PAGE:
“An increasingly variable climate and recent popular perennial but i have also looked at the Prospects for profitable perennials in
drought years have led to the realisation other perennial legumes, grasses and herbs mixed farming systems publication is set to
that current farming practices in the low- to such as chicory.” be released early during 2009.
medium-rainfall farming areas of Australia
need to be altered in order for farmers to Dr Bennett said the publication was a handy
reference to perennial plants for both
remain viable,” Dr Bennett said.
farmers and extension officers. Dr Sarita Bennett, UWA
“perennial plants with deep roots can access
water in the soil profile, and as a result “they can look at the information that is T: (08) 6488 4841
provide out-of-season feed, are regarded as relevant to their area, decide what perennial E: email@example.com
focus ON PERENNIALS
Risk protocol proves its
worth with researchers
By Jill Griffiths ABOVE: Researchers have used the protocol to
Kondinin group assess the potential weed risk of Enrich species
such as Rhagodia preissii. (Photo: J Emms)
he Weed Risk protocol,
developed under the ffi CRC
Biodiversity Program, has Dr stone said that researchers already had ffi CRC researchers have been assessed
well-developed measures for assessing using the Protocol (see Table 2). Each
been published on the CRC’s website
aspects such as a plant’s toxicity, and meat plant was assessed separately for Western
and in the Journal of Experimental and wool taint potential, but methods for australia, south australia, victoria and new
Agriculture. But what does it mean for evaluating environmental weediness are south Wales, as a plant’s potential as an
researchers and landholders? still evolving. environmental weed depends upon where it
Dr stone explained that the protocol was is grown.
Dr lynley stone, Department of Environment
and Conservation, Wa (DEC) worked with developed for southern australia and as such “When species are found to have a low or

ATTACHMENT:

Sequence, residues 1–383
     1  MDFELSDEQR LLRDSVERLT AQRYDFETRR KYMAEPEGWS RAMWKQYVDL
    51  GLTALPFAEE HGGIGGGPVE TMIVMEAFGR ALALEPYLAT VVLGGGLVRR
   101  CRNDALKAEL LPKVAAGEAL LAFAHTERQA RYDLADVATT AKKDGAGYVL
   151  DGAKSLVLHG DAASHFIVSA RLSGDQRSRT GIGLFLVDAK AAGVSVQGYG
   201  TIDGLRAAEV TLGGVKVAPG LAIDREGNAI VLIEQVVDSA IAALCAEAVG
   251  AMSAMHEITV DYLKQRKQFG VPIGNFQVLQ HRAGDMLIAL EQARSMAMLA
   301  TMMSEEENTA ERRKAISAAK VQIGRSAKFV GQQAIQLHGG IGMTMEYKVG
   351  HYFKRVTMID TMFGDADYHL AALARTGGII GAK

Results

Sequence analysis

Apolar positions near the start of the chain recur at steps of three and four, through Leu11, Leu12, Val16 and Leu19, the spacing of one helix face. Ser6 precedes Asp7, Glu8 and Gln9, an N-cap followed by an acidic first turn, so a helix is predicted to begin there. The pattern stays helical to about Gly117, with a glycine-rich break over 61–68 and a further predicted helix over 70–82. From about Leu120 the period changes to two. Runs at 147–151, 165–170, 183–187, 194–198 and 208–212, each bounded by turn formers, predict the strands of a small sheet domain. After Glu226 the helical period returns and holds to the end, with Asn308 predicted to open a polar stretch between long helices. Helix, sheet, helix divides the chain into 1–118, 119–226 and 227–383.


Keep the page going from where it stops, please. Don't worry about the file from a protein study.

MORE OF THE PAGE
researchers in the ffi CRC and CRC for was quite general in the level of information negligible environmental weed potential,
Australian Weed Management to develop a it could provide. she sees the protocol as a that signals the end of our involvement,”
Weed Risk assessment protocol. the protocol dynamic document, which will be refined Dr stone said.
uses a series of questions about a plant’s over time and could be adapted for
biology and ecology to assess its potential to specific areas. Take these for example
become an environmental weed.
“Natural Resource Management groups may for example, birdsfoot trefoil (Lotus
The CRC recognises it has a responsibility want to develop specific weed risk protocols corniculatus) (see Focus on Perennials
to minimise the chance of new perennials for their catchments, using the Protocol as issue 2) has a low environmental risk so
causing harm and to foster a risk-management a starting point, with information on local researchers can promote it knowing that
culture within the organisation. conditions and priorities incorporated,”
it is unlikely to cause problems in
Dr stone said.
Invasiveness, impacts and distribution similarly, Melilotus siculus was found to have
i key points Questions on the protocol are divided into
sections relating to invasiveness, impacts
and potential distribution. plants are
negligible environmental weed potential.
Melilotus siculus is an annual legume that is
highly tolerant to salinity and waterlogging.
• scored depending on the answers. Scores Although the plant is naturalised in Australia,
The Weed Risk Protocol uses it is new to Australian agriculture and not
for each section are multiplied together to
a questionnaire to assess its
acknowledge the interactions
potential environmental weed risk
between the criteria and
• NRM groups can use the Protocol to give a broad spread of
scores (i.e. invasiveness
Table 1. Weed Risk Protocol categories
as a starting point for developing Frequency band Weed risk score Weed risk
their own risk assessment protocol x impacts x potential
80 — 100% greater than or Very high
• Questions are divided into
distribution). plants are
then assigned a score (top 20% of possible scores) equal to 236
sections relating to invasiveness, and one of five weed risk 60 — 80% <236 High
impacts and potential distribution categories (see Table 1).
• Researchers are embracing the Dr stone said that it is a
40 — 60% <111 Medium